April 23, 2024
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April 23, 2024
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High-Functioning Autism Spectrum Disorder: Essentials Parents Should Know

Part II

(Continued from last week)

The Brain and ASD

Research on ASD has revealed that the neurological areas responsible for visual processing tend to be overactive in individuals with autism, while brain activity between regions occurs with difficulty. Other studies have documented issues with synapses, across which messages travel in order to carry out functions. By studying the brains of children with autism while the children are engaged in activities, researchers have observed weak connections between their neurological synapses. Other researchers have documented under-activation in the brain’s motor and limbic systems (or emotion-generating centers). This may help explain some of the social-emotional difficulties experienced by many individuals on the autism spectrum.

Recognition of the Positives

Individuals with autism tend to have areas in which they possess deep strengths (not to be confused with the notion of savants, like the character in “Rain Man”). Animal scientist and autism advocate Temple Grandin describes the unique ways her strong visual skills allow her to experience the world and easily solve problems that neurotypical individuals struggle with.

Because people with high-functioning ASD recognize patterns and are capable of sustaining focus for long periods of time, some businesses encourage or actively recruit these individuals, and then provide the supports they need in the workplace. In turn, these employees apply their strong problem-solving skills, keen focus, excellent memories and superior verbal skills in professional situations as varied as web development, lab work and copy editing.

Evidence-Based Interventions

There are several types of interventions that have been shown to help people with high-functioning ASD address the challenges they face.

Organizational Skills Training

As with Attention Deficit Hyperactivity Disorder (ADHD), students on the autism spectrum can have difficulty with organization and executive functions. Organizational Skills Training (OST) has been found to benefit children with high-functioning ASD by teaching them how to develop clear organizational systems that they can use to self-monitor their behavior. As Gallagher, Abikoff and Spira note in their book on OST, students with ASD “may be unwilling to change responses to organizational situations, even if the current routines are not successful.” Organizational Skills Training is clear, concrete and motivating for students for whom “school success may not be possible without prior extensive work.”

Social Skills Training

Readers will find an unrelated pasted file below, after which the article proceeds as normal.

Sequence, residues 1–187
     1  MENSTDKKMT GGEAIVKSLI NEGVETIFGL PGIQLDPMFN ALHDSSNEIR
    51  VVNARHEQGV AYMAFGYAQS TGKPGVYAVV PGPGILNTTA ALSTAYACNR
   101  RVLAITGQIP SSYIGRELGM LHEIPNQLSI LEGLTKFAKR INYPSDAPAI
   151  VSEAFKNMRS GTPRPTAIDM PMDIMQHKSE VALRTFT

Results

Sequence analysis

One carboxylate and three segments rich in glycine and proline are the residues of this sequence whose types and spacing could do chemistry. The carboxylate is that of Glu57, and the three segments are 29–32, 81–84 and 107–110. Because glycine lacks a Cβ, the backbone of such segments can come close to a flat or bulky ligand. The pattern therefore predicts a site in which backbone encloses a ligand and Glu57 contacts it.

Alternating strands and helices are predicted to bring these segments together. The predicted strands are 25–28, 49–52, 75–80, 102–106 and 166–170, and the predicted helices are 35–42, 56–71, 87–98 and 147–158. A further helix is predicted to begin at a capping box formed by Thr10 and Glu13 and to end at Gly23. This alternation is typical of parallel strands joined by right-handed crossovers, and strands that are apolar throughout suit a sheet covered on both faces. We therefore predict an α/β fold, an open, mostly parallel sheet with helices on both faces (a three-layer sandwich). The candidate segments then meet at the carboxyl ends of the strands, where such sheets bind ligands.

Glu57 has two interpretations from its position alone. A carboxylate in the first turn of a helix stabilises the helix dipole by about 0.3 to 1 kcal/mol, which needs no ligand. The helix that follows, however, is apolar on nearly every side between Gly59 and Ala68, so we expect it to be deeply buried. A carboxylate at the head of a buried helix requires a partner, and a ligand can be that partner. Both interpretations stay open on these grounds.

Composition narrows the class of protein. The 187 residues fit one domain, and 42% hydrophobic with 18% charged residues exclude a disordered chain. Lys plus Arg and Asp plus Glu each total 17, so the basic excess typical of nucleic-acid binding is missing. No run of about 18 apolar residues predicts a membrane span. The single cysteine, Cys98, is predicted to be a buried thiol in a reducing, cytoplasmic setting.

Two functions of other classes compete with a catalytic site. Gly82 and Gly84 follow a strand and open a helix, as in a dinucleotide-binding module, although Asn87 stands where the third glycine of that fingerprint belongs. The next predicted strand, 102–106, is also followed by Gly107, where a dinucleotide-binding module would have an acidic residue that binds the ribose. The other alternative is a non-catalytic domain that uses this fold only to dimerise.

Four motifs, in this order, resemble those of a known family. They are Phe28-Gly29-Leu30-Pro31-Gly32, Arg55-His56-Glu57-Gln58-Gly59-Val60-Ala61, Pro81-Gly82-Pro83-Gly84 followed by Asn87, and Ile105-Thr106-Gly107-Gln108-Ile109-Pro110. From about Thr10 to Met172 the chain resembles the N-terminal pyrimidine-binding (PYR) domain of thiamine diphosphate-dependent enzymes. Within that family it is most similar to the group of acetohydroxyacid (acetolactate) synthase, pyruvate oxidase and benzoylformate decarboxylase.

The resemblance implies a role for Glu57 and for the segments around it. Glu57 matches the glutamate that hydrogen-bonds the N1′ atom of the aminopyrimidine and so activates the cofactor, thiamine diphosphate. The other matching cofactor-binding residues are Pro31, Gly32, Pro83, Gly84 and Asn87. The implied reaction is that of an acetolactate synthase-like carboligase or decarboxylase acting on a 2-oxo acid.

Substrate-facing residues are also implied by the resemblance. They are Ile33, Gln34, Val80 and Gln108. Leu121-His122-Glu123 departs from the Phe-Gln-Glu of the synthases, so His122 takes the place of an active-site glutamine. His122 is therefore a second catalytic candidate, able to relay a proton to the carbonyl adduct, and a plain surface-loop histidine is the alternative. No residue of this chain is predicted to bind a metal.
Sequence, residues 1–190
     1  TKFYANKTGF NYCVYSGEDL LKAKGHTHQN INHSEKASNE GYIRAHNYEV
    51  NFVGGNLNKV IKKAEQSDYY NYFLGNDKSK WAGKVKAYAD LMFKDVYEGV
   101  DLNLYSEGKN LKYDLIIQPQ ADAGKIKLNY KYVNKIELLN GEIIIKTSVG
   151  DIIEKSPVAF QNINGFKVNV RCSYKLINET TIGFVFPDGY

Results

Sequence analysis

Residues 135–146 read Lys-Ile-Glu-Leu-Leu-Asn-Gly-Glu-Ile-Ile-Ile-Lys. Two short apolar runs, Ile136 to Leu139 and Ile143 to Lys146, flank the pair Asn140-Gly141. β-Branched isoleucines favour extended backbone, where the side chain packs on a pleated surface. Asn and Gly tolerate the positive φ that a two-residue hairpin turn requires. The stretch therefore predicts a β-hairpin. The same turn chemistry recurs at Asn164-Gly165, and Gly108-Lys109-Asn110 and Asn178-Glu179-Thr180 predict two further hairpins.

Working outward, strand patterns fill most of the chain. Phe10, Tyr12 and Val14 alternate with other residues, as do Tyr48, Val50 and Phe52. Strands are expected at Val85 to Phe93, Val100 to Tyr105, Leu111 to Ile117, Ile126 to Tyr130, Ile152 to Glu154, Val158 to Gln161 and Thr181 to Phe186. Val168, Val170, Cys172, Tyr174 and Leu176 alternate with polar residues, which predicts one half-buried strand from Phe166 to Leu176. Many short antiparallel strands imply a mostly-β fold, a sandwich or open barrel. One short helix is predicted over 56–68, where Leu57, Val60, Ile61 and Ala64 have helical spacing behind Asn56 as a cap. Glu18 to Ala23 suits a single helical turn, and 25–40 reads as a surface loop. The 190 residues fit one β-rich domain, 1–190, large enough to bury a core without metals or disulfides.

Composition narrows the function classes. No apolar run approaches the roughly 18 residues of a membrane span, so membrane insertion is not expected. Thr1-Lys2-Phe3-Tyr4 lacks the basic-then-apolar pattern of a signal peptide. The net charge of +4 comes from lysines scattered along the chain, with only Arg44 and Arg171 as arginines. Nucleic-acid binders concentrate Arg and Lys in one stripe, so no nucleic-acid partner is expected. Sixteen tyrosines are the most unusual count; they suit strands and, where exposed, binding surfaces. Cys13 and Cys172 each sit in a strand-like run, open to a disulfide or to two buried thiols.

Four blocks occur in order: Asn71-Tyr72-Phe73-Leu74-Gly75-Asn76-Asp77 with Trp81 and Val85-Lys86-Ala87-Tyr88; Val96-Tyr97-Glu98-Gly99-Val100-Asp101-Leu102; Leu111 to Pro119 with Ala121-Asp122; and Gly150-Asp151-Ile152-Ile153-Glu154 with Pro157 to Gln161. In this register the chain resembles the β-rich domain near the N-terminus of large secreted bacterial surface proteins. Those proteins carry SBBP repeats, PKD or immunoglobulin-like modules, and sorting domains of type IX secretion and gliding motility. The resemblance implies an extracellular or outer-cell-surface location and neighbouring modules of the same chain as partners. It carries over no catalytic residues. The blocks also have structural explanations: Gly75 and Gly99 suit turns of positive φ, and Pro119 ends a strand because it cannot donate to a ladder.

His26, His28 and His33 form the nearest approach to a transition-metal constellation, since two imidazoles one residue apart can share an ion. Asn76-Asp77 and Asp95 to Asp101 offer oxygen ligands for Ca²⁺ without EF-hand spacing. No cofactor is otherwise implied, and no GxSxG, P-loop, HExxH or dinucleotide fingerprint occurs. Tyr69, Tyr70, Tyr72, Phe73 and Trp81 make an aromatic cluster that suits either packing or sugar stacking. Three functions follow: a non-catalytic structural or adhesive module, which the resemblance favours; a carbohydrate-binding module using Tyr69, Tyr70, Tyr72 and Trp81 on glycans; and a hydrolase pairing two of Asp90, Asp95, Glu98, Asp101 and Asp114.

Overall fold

Speech therapists, social workers and occupational therapists are all specialists who may have been trained to teach social skills to students with high-functioning ASD. These programs make the implicit social rules of our daily lives more explicit. For example, participants may learn:

How do you initiate a conversation?

Which topics are off-limits in conversation?

What makes a good friend?

Social skills training can help individuals with high-functioning ASD meet with greater success in a range of endeavors, from job interviews to summer camps.

Cognitive Behavioral Therapy (CBT)

CBT may also be beneficial for individuals on the autism spectrum. It can reduce anxiety and help individuals function more easily amid the demands of daily living.

TEACCH and DIR/Floortime

There are aspects of the TEACCH and DIR models of intervention that can help individuals with high-functioning autism.

TEACCH: This approach relies on the visual processing strengths of people with ASD to create concrete learning supports for specific settings. It is designed around the individual needs of each student—in contrast to a standardized curriculum—by using visual anchors to help a person understand her environment in predictable ways.

DIR/Floortime: DIR is a play-based intervention for people with an autism disorder that integrates cognitive and psychosocial concepts to support social engagement, increase communication and develop wider interests. It is founded on learning theory, but integrates emotional and psychological concepts as well, with the goal of helping to further develop the social, relational and cognitive abilities of people with ASD.

A Final Thought

All aspects of autism spectrum disorders (communication, social behavior and cognition) fall along a continuum, and some people have more severe symptoms than others. Severity is determined by the evaluator, but it relates to a child’s ability to function as compared to her peers. Students who have non-high-functioning ASD tend to be minimally verbal, have little functional communication and have difficulty with practical life skills and social skills in the absence of support services (such as those provided by speech language pathologists, physical therapists and paraprofessionals). You can modify your home to help a child with ASD who is not high functioning, and use technological tools to ease communication and other challenging activities.

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